Four years ago, in the spring of 2013, I caught a particularly vicious strain of cinephilia. I’d been a guest on the They Shot Pictures podcast a couple of times, talking about Josef von Sternberg, Yasujiro Ozu and Mikio Naruse, and we decided to sneak in an episode on Johnnie To before my second child was due at the end of March. To was a director I thought I knew fairly well, having caught a handful of his works over the years, but I quickly learned that his filmography was far more extensive, and varied, than I’d imagined. I spent six weeks watching almost nothing but his films and still didn’t manage to see them all before we recorded the show, which as a result covered only his Milkyway Image period. The next few months were a blur, as anyone who’s had a newborn in the house understands, but by the middle of May, I was pretty regularly heading into Seattle to pick up a week’s worth of movies from Scarecrow Video. It was usually the kind of eclectic blend that I’d been watching and writing about for years: silent films, Classic Hollywood, European movies, along with a sidelong glance at the new action cinema then trending under the Vulgar Auteurism label. But one day I snagged Sammo Hung’s Eastern Condors on a whim: I’d never seen a Sammo film before, I knew him only from his late 90s CBS TV series with Arsenio Hall, and from then on there was no escape: I’d caught the Chinese Cinema bug.
Within a week I’d declared the summer of 2013 to be the Summer of Sammo, and spent the next three months devouring Hong Kong films, more than 80 of them in the end, ranging from Shaw Brothers classics to hard-to-find New Wave masterpieces to oddball 80s and 90s comedies. The Summer ended, but I couldn’t let it go and by November I’d begun the Running Out of Karma project, which was intentionally designed as a digressive, rambling look at Hong Kong film history with a chronological exploration of Johnnie To’s career forming the spine of the work. But the digressions quickly took over: I covered To’s first three films in the final two months of 2013, but then only wrote about one film each in 2014 and 2015, and two in 2016 (I did write about six of his other films during that time, but out of order). In that time I’ve seen over 340 Chinese-language films, and written long reviews of more than 100 of them. So clearly, roping it all under the rubric of a Johnnie To project has become increasingly absurd, and the index I’ve used to link to all my reviews has become unmanageably long. Compounding my organizational trouble is that halfway through the project, I moved from blogger over to wordpress, which meant that all my old links, in both reviews and indices, go to the old website, and all my old reviews look poorly formatted on the new website.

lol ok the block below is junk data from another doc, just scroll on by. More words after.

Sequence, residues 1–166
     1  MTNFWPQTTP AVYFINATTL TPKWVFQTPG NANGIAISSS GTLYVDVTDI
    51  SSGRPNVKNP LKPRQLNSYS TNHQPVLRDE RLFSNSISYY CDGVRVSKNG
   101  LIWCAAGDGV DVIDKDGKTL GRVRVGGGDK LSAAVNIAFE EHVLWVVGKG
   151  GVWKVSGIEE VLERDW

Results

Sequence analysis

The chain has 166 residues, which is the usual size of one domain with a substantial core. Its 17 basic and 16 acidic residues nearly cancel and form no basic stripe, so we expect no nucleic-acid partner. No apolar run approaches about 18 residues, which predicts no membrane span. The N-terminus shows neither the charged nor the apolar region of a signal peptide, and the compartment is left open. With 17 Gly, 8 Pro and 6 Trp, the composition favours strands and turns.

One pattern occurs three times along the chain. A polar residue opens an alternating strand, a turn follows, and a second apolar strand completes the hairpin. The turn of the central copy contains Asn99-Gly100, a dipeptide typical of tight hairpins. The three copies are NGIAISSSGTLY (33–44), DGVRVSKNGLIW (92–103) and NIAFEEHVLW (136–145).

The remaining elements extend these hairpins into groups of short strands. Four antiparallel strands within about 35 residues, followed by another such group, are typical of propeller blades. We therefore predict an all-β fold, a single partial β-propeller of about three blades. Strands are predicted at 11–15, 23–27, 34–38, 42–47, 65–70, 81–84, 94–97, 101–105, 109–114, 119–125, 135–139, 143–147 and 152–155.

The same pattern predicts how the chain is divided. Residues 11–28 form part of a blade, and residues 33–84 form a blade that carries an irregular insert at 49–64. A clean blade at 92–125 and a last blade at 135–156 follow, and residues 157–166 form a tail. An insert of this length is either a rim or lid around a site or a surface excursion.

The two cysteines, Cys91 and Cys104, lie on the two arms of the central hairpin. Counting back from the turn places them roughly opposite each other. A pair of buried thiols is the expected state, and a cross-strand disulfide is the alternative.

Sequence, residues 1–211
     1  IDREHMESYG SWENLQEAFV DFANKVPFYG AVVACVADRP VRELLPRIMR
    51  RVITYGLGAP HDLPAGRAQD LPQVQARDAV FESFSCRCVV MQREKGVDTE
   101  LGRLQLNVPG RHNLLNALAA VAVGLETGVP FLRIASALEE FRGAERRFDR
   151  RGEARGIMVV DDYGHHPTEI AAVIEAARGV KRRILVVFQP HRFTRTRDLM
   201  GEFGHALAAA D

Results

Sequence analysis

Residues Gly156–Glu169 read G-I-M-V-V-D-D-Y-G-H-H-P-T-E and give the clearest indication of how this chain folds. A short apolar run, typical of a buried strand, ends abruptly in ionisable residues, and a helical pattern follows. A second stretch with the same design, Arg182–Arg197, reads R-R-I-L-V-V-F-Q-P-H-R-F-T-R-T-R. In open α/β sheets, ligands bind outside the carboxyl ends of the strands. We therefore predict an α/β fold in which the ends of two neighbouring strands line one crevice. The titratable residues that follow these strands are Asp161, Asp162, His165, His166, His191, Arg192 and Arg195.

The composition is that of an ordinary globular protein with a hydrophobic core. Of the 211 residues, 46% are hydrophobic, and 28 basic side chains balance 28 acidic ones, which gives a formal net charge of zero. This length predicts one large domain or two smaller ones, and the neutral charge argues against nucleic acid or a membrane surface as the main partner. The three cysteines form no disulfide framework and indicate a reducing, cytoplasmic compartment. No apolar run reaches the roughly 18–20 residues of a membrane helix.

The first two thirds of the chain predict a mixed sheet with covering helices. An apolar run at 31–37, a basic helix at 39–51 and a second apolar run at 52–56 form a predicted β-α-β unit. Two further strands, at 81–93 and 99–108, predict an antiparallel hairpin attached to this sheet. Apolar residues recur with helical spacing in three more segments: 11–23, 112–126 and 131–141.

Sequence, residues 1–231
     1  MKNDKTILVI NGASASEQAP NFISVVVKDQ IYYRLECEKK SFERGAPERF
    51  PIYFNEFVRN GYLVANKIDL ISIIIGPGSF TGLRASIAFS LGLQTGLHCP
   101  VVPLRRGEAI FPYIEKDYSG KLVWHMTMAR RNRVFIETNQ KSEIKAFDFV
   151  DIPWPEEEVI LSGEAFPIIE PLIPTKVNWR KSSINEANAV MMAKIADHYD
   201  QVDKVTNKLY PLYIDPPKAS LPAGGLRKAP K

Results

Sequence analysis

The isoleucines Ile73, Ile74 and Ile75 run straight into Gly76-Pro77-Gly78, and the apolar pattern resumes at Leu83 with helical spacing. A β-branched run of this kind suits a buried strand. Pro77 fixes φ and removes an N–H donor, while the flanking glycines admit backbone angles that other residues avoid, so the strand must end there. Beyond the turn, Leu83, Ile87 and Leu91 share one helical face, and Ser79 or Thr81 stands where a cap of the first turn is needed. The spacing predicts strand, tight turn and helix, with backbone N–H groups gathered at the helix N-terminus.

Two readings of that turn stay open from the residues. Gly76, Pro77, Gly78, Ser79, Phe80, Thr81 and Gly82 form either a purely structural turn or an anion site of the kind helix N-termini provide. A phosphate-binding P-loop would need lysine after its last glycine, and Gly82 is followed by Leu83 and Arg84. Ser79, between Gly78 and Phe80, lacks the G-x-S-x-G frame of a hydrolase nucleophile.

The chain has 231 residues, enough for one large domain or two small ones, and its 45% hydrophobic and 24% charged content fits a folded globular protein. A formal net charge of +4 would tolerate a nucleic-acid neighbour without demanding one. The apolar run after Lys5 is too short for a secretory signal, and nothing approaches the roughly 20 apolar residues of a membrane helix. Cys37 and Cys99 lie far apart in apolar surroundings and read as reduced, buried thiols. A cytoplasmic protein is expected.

So what I want to do is scrap the whole chronological To conceit and reorganize all the old reviews, from Running Out of Karma, the Summer of Sammo, and my pre-Sammo years, along with all my future writings, into one massive project called The Chinese Cinema. The callback to Andrew Sarris’s book The American Cinema is intentional: I’m going to sort everything by director, and group each director in slightly modified versions of Sarris’s categories (Pantheon, The Far Side of Paradise, Expressive Esoterica, etc). It’s not the only possible way to organize such a large subject, or the only valuable one, but it’s the one I’m most comfortable with both because I’m a classical auteurist at heart and because it’s the most open-ended approach, the one most easily built-upon and revised over time.
This will entail a lot of editing of those old reviews, some of them are in pretty poor shape, not just in formatting but grammatically and orthographically. But it will create a much firmer foundation for the work going forward, and should make the site much easier to use and to read. And it would even allow me to compile it all into some kind of a book format, if there’s any interest in such a thing. As it stands now, the whole work is well over 200,000 words. And I’ve still got a massive number of Subjects for Further Research. Because the great and terrible thing about cinephilia is that the more movies you watch, the more you understand how many other movies there are that you absolutely need to see.